DEPUTY PRESS SECRETARY JOSH EARNEST AT THE WHITE HOUSE PRESS BRIEFING: “It's a little hard to take their (GOP) criticism seriously considering their opposition to the law in the first place. I was telling somebody - this is akin to Alex Rodriguez complaining that the drug testing program that major league baseball has in pace isn't sufficiently strict. It's just hard to take it on its face.”
- Will Ben Affleck ever run for office? -
AFFLECK’S WIFE, JENNIFER GARNER, IN AN INTERVIEW WITH ALLURE MAGAZINE: “Right now [Ben] feels like he can do more good for people politically from outside the system Would I be surprised if one day he did go into politics? No. But not now.”
- Keith Olbermann on damage control -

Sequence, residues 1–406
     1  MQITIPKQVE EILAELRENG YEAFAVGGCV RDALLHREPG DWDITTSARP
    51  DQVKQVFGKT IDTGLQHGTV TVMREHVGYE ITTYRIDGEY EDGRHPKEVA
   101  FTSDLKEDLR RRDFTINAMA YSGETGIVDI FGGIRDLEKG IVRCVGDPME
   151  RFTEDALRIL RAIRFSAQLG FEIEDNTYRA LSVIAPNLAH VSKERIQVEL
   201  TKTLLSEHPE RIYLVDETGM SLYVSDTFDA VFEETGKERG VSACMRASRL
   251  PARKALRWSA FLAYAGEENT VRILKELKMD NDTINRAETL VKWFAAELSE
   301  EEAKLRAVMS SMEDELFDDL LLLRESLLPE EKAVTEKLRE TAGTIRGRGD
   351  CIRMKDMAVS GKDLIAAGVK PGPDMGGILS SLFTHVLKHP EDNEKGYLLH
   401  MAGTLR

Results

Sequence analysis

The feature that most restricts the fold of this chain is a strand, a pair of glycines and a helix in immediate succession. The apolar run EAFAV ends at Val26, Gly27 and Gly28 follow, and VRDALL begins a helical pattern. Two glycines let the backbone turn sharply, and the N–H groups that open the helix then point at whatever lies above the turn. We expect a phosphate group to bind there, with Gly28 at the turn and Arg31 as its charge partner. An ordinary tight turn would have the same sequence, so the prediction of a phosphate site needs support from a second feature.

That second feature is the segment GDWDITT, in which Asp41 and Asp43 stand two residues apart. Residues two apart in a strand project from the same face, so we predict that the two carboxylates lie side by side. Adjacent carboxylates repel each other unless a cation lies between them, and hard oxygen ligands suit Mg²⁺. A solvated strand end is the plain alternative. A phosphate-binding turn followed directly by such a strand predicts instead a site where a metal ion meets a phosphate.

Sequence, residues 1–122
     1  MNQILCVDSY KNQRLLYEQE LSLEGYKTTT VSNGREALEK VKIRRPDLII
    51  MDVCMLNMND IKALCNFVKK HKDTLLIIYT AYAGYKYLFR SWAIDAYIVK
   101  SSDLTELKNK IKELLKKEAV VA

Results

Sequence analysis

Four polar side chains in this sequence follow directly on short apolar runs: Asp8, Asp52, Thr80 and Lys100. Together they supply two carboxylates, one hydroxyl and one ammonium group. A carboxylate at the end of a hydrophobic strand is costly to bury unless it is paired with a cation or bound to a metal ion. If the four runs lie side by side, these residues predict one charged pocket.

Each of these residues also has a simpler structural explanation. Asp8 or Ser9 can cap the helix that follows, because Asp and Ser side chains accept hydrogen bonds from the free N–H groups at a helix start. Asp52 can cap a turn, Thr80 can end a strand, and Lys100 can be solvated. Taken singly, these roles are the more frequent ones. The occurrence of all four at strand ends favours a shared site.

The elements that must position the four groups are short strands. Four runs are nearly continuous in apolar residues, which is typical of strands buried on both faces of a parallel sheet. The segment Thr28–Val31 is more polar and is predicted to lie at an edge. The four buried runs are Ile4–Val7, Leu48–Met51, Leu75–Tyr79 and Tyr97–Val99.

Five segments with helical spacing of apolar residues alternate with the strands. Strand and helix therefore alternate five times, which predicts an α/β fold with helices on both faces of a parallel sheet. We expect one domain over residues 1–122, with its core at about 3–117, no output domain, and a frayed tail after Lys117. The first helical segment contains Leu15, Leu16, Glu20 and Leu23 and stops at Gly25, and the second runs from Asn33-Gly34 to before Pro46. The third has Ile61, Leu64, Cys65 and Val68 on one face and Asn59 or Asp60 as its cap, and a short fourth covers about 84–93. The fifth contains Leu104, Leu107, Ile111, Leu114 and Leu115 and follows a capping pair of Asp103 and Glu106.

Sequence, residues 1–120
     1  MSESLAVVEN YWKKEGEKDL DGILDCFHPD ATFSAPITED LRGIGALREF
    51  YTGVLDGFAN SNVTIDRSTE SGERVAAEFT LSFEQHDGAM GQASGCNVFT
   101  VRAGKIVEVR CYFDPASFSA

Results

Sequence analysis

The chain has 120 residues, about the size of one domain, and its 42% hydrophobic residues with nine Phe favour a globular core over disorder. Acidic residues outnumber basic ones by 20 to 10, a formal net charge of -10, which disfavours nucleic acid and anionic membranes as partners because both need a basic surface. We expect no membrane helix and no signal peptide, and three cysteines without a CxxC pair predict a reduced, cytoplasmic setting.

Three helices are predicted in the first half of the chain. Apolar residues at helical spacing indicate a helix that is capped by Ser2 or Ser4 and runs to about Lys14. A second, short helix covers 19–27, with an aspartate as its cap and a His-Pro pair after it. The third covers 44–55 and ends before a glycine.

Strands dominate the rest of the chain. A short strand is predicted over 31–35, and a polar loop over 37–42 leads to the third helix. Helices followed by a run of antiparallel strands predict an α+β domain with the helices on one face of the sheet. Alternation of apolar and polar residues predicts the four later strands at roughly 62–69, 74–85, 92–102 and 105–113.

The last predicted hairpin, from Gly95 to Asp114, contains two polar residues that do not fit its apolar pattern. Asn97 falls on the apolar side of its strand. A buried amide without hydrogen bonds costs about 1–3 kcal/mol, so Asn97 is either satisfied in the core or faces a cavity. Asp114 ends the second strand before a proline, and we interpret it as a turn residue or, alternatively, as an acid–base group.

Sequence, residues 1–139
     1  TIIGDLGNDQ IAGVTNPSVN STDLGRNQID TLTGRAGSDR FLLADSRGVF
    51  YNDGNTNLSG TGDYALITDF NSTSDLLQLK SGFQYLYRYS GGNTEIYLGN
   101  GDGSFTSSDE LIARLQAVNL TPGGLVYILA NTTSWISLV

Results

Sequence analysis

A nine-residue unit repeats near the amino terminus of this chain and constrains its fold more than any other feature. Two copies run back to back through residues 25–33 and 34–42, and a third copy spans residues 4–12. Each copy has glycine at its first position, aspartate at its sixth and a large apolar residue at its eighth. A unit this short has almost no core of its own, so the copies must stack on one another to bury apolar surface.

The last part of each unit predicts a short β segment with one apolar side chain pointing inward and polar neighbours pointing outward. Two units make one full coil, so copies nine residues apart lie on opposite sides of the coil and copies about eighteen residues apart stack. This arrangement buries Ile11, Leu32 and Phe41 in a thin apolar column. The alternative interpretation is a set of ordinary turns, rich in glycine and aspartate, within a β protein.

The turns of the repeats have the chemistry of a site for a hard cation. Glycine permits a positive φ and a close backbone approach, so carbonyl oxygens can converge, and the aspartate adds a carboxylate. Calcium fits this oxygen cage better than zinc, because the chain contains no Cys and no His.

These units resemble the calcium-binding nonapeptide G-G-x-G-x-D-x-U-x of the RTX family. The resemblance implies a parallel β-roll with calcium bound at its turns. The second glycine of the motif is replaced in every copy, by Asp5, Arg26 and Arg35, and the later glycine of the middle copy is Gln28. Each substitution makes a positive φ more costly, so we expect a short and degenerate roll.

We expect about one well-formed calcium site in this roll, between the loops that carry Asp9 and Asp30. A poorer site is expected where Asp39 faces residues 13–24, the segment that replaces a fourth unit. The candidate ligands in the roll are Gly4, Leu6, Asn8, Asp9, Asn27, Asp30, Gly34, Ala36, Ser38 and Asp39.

KEITH OLBERMANN, FORMER MSNBC PERSONALITY, IN AN INTERVIEW WITH THE HOLLYWOOD REPORTER ON HIS RETURN TO ESPN: “I could see it on my tombstone, or at least in my obit: 'Keith Olbermann, who left ESPN in a tempest. What I would like to go for is: 'Keith Olbermann, who left ESPN in a tempest in 1997 and then returned later and retired with a gold watch.' I'd like to give that a shot, having repaired most of the damage. I think that really would be great.”
What stopped us in 140 characters or less
Rebecca Sinderbrand (@sinderbrand)
.@jearnest44 : "It has been determined by senior FP officials in this admin to not make a determination" whether Egypt was a coup or not
Rania Abouzeid (@Raniaab)
A black day. #Egypt's Tiananmen. scores killed, churches torched. vigilante revenge. Blood is blood, & in this case it is all Egyptian
Laura Stevens (@LauraStevensWSJ)